Plug-in Developer Manual

This manual describes first how to create plug-ins for HIPE. The final chapter describes the mechanism that HIPE component developers can use to become aware of plug-ins.

Quick guide: Creating Simple Plug-ins

Plug-ins can be created to do lots of fancy things, but most of the time people will want to use them to share some pools, some Jython scripts, and/or possible some Java code. These standard cases are described here. One case does not exclude the other; combining the steps from the different cases described here will work.

General procedure for creating a plug-in

In general, a plug-in is just a JAR or a ZIP-file with a name that follows the following pattern: [name]_[version].[extension]. The name can be any string (it is allowed to contain underscores). The name is followed by an underscore. The version is a series of integers separated by dots: "1", "2.0", "2.3.4.5", etc, are allowed as the version. The extension should be "jar" or "zip". An example of a plug-in filename is myplugin_0.1.jar.

On Unix you can use the jar facility from the bin directory of the JDK to create jar-files. I recommend to cd to the directory where you have prepared your plug-in and create the jar-file in a different place, as follows:

> jar cvf $HOME/myplugin_0.1.jar *

The options to jar we used here are cvf: c for "create", v for "verbose" and f fore filename.

If you use Windows, you can use any compression program, as long as it a can write "zip" or "jar" file format. For example, PeaZip.

How to create a plug-in with some pools

Plug-ins can contain LocalStores. To create a plug-in with one or more LocalStores, create a directory called {{pools}}, copy the LocalStores in there and create a jar or zip with the pools directory.

Unix shell example: Assuming your LocalStores are in the default directory, {{$HOME/.hcss/lstore}} and you want to share {{poolA}} and {{poolB}}:

> mkdir pools
> cp -r $HOME/.hcss/lstore/poolA
> cp -r $HOME/.hcss/lstore/poolB
> jar cf $HOME/myplugin_0.1.jar pools

You probably will want to name your plug-in differently than "myplugin" though -- give it a name that says something about its contents. To change the name, just rename the file.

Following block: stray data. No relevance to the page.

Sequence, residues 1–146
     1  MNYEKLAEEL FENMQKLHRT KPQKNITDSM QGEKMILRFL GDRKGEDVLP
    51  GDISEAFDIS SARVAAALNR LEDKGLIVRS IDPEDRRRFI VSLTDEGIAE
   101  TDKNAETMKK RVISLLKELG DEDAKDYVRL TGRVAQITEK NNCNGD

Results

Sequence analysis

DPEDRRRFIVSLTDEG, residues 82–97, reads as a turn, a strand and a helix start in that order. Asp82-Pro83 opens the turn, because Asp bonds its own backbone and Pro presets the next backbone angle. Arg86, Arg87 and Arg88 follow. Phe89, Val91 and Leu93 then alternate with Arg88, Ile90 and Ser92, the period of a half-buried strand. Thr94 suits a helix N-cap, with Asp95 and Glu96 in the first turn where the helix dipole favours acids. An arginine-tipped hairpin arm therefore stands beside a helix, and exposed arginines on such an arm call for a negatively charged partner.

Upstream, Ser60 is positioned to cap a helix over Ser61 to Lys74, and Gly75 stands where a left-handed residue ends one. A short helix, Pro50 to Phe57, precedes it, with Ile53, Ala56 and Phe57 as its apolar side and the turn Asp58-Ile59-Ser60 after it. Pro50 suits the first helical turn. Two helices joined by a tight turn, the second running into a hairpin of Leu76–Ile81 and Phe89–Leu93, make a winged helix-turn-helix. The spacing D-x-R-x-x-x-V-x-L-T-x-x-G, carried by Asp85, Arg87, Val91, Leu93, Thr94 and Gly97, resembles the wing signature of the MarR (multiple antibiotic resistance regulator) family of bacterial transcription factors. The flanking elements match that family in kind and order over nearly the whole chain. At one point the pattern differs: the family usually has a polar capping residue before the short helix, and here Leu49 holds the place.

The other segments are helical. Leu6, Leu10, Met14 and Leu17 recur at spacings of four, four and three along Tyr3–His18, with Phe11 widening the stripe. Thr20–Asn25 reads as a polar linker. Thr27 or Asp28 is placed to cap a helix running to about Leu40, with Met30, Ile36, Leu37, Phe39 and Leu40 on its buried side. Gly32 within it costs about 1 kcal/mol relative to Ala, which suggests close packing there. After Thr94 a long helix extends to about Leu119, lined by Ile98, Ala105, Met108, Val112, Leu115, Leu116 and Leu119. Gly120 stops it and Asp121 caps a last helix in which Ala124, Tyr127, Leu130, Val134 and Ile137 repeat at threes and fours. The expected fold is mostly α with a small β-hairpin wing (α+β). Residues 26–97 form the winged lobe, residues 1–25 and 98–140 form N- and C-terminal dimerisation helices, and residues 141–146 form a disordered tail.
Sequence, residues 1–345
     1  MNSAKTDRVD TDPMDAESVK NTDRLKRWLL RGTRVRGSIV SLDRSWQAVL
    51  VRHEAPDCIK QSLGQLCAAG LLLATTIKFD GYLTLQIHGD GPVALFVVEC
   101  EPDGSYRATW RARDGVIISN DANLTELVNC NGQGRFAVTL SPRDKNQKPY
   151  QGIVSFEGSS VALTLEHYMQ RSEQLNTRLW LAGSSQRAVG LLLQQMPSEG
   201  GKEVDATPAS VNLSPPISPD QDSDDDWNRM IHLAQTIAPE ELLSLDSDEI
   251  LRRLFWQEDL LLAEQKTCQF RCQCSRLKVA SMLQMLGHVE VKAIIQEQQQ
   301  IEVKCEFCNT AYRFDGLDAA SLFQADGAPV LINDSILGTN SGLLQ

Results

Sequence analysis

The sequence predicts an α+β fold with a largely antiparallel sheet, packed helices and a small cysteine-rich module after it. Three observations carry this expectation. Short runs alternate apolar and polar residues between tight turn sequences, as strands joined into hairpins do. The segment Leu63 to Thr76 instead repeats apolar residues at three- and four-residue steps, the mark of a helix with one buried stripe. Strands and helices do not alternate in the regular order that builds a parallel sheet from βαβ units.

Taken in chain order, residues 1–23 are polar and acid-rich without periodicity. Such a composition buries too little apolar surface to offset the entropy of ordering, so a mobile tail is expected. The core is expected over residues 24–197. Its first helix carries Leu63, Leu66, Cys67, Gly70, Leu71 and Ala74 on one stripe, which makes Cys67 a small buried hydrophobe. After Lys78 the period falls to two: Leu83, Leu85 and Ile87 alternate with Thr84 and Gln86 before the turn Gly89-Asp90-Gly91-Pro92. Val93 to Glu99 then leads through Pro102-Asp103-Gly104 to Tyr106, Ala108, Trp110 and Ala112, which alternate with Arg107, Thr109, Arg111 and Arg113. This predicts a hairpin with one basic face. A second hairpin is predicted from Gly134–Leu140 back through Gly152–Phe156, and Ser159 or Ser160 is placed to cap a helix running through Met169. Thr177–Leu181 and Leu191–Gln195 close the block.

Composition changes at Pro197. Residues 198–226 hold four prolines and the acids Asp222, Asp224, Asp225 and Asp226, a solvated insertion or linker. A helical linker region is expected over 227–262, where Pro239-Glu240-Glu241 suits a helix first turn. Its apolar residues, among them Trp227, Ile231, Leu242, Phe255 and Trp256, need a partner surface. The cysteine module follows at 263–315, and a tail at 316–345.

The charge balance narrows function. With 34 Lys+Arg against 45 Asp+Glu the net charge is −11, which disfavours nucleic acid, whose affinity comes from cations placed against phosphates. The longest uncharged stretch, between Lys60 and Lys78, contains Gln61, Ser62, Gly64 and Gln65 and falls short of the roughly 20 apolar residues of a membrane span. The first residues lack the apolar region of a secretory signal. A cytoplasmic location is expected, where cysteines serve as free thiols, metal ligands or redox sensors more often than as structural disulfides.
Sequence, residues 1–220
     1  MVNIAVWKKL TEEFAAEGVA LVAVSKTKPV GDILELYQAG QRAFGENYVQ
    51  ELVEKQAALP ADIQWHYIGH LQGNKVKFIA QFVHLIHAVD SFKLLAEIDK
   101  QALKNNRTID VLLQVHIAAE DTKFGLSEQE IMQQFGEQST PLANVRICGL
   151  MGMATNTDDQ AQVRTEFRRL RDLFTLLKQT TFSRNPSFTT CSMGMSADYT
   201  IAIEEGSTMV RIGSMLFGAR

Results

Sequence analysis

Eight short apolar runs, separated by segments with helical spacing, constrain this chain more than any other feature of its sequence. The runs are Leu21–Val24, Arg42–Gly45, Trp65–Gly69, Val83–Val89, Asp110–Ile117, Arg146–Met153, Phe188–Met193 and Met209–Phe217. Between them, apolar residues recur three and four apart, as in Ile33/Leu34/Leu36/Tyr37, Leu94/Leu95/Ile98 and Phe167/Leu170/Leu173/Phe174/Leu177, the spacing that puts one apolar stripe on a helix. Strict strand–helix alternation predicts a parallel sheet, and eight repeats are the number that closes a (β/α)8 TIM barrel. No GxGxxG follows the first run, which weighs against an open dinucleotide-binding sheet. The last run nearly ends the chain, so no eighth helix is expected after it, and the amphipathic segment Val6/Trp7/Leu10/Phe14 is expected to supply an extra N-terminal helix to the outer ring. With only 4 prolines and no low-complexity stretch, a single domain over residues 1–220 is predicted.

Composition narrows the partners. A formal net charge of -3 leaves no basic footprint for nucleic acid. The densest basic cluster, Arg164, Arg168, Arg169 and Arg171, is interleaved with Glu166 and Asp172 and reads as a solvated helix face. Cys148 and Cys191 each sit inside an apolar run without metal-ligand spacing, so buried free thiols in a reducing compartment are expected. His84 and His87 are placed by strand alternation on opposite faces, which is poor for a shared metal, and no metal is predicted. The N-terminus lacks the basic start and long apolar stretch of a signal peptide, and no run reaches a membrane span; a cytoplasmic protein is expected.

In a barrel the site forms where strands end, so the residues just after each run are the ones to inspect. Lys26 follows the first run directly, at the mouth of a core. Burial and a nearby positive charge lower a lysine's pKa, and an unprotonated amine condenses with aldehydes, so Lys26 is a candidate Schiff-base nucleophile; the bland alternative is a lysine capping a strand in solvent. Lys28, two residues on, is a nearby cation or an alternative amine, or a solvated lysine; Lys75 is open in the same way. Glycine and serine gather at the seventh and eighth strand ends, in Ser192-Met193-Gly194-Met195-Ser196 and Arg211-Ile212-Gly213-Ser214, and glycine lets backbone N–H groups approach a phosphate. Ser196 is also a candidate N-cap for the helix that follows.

How to create a plug-in with some Jython code

We make a distinction between two types of Jython code, and how you create the plug-in depends which type you have. First, there is what we call "user scripts". These are meant to be scripts that a user should execute, such as a script that does some kind of processing. The other kind is a script that defines some functionality, for example a Task. In this second case, the user should not execute the script to use it (which would define the Task), the user should run the Task. This kind of script should be run by HIPE when it starts, so that the user has the Task available for use. We therefore call that kind "initialization scripts".

To create a plug-in with one or more user scripts, copy them to a directory called "scripts" and create a zip or jar containing that directory.

Unix shell example:

> mkdir scripts
> cp ~/work/scriptsForPlugin/*.py scripts
> jar cf $HOME/myplugin_0.1.jar scripts

Plug-ins support only one initialization script, but you can define multiple Tasks from a single script. The initialization script must be called plugin.py and it must be at the top or root-level of the jar or zip.

Unix shell example:

> mkdir scripts
> cp ~/work/myTasks.py plugin.py
> jar cf $HOME/myplugin_0.1.jar plugin.py

How to create a plug-in with some Java code

To add (compiled) Java code to a plug-in, the Java code has to be in a JAR itself. Add the JAR to a directory called "jars" and create a plug-in with this directory:

> mkdir jars
> cp ~/work/out/library.jar jars
> jar cf $HOME/myplugin_0.1.jar jars

For information on how to create a JAR file with your Java code, see the JAR Documentation.

Combinations of the above

If you want to create a plug-in that has an initialization script, some user scripts and a handful of pools, the easiest thing is to create a separate directory. Copy everything in there (the scripts directory, pools directory, etc) and create a zip or jar with everything:

> jar cf $HOME/myplugin_0.1.jar *

What you must avoid / Invalid plug-ins

When sharing things with plug-ins, you are not limited the items described in the previous section. You can add anything to a plug-in, but there are a few things that would make the plug-in invalid. An invalid plug-in would fail to install.

The following would make the plug-in invalid: - a file called scripts, pools or jars at the top-level of the file - a file or directory called work at the top-level of the file. HIPE uses this directory as an internal workspace.

Slightly more advanced topics

Customizing your plug-in

the plugin.xml options

Advanced: The plug-in installation process

Using a custom installer

Using a WebStart installer

Configuring the plug-in post-installation

Advanced: Using Java code from your plug-in from Jython

Remove? Works automatically?

For HIPE component developers: Reacting to plug-ins from your component

PluginRegistry

PluginProcessor

-- PaulBalm - 27 Aug 2010

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Topic revision: r2 - 2010-08-27 - PaulBalm
 
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